Exploring The World’s Happiest Country Of Bhutan

Have you ever traveled to a nation that uses Gross National Happiness as a measure of progress? Discover Bhutan’s happy secrets by visiting the country, which is also referred to as the “Switzerland of Asia.” 

This tiny Himalayan nation, which only began to welcome visitors in the 1970s, is well-known across the world for its lengthy period of exquisite isolation and claims to be the world’s happiest nation. Bhutan is known for its stunning landscapes, venerable temples, and dzongs in addition to its profound spirituality and staunch Buddhist beliefs. 


The Philosophy Is To Save The Environment

Bhutanese people only think that protecting the environment is a part of living, not a requirement under any law or rule. Additionally, one of the cornerstones of their happiness score is environmental preservation. Mathematical and scientific skills, basic agricultural techniques, and protection of the environment are all taught to children from a very young age. 

Both receiving good marks and teaching children to be good citizens are valued equally in Bhutan. Bhutan’s ‘clean and green’ reputation only enhances its magnificent beauty. 


They Love Their Culture

You will be struck by the unwavering devotion of Bhutanese to their traditions and culture while on your Bhutan trip. While Bhutan is now embracing new ideas, its policy centers on preserving Bhutan’s culture. They are proud to don their elegant and traditional clothes all the time, regardless of their position.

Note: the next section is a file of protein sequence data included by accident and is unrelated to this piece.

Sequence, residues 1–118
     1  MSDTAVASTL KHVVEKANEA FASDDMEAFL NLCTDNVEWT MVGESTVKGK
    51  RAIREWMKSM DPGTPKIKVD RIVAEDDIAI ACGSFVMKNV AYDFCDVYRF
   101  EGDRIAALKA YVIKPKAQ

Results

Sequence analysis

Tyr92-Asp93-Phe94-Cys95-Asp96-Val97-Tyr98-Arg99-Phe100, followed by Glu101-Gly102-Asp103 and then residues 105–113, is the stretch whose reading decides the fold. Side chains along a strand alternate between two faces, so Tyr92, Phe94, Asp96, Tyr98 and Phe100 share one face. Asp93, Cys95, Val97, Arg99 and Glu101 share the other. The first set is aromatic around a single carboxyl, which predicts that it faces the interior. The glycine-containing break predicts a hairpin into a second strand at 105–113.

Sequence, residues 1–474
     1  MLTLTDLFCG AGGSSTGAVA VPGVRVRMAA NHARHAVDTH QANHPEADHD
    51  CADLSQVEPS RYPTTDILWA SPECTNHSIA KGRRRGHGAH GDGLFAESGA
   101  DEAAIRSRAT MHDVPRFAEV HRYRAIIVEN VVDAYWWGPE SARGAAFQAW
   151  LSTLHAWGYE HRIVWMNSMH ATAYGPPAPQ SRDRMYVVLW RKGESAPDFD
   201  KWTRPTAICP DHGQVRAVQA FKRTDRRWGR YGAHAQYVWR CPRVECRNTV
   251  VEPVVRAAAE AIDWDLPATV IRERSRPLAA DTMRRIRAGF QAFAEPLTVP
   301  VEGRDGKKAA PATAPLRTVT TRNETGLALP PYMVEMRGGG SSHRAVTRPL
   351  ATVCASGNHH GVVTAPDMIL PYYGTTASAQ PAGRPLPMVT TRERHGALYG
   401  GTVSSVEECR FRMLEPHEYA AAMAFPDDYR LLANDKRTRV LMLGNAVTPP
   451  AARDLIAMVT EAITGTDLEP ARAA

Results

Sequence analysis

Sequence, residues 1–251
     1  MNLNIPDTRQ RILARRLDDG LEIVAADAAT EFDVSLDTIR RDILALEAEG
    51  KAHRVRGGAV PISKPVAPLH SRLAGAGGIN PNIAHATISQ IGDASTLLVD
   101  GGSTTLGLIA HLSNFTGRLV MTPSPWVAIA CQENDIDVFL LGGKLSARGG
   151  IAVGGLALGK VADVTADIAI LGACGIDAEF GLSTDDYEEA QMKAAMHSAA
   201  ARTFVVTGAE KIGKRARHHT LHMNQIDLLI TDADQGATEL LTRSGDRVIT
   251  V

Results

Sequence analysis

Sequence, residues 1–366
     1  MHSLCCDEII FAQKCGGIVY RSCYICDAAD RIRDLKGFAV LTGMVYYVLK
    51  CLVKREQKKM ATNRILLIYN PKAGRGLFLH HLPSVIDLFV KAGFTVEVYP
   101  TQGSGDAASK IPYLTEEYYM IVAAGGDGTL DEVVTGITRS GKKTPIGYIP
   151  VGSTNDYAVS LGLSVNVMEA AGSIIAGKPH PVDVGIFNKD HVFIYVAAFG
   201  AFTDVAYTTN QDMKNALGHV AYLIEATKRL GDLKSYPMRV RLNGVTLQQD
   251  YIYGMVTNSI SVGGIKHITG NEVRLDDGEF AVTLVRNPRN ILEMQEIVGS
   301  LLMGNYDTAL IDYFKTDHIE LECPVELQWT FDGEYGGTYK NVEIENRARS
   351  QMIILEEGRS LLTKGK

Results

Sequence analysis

Arts and crafts, which the Bhutanese have been practicing since the beginning of time, are another excellent example of how they preserve their culture. Even though Bhutan is one of the world’s poorest nations, the government established Choki Traditional Arts School, a top attraction in Thimphu, to teach its students about traditional artistic skills. 


The Gross National Happiness Model

The king at the time that Bhutan opened its doors to visitors declared that the kingdom would adhere to the new development concept of gross national happiness. The king held the view that a country’s material wealth has no bearing on the happiness of its citizens. 

Buddhist principles encourage citizens not to worry about what they don’t have but rather about what they do have. Perhaps this explains why Bhutanese are so warm, compassionate, and welcoming. 


Bhutanese People Are Not Materialistic

The inhabitants of Bhutan are orderly and devoted to peace. They are the model of lofty thought and modest living due to their spiritual convictions. Bhutan no longer has a monarchy, but the country’s king and queen continue to rule in people’s hearts. 

The current monarch, who now resides in a cottage close to the palace, left the royal palace to encourage tourism in the nation. The nation made the decision to uphold its long-standing culture rather than embrace new-age consumerism. 


Final Thoughts

It is essential to understand that Bhutan isn’t a country that cannot face the harsh realities of modern age problems. It is a country of uncomplicated individuals who believe happiness is the most important thing. Ever since Bhutan’s tourist industry began in 1972, when it became one of the most well-liked vacation destinations in the world, this breathtakingly gorgeous nation has continued to promote its distinctive culture.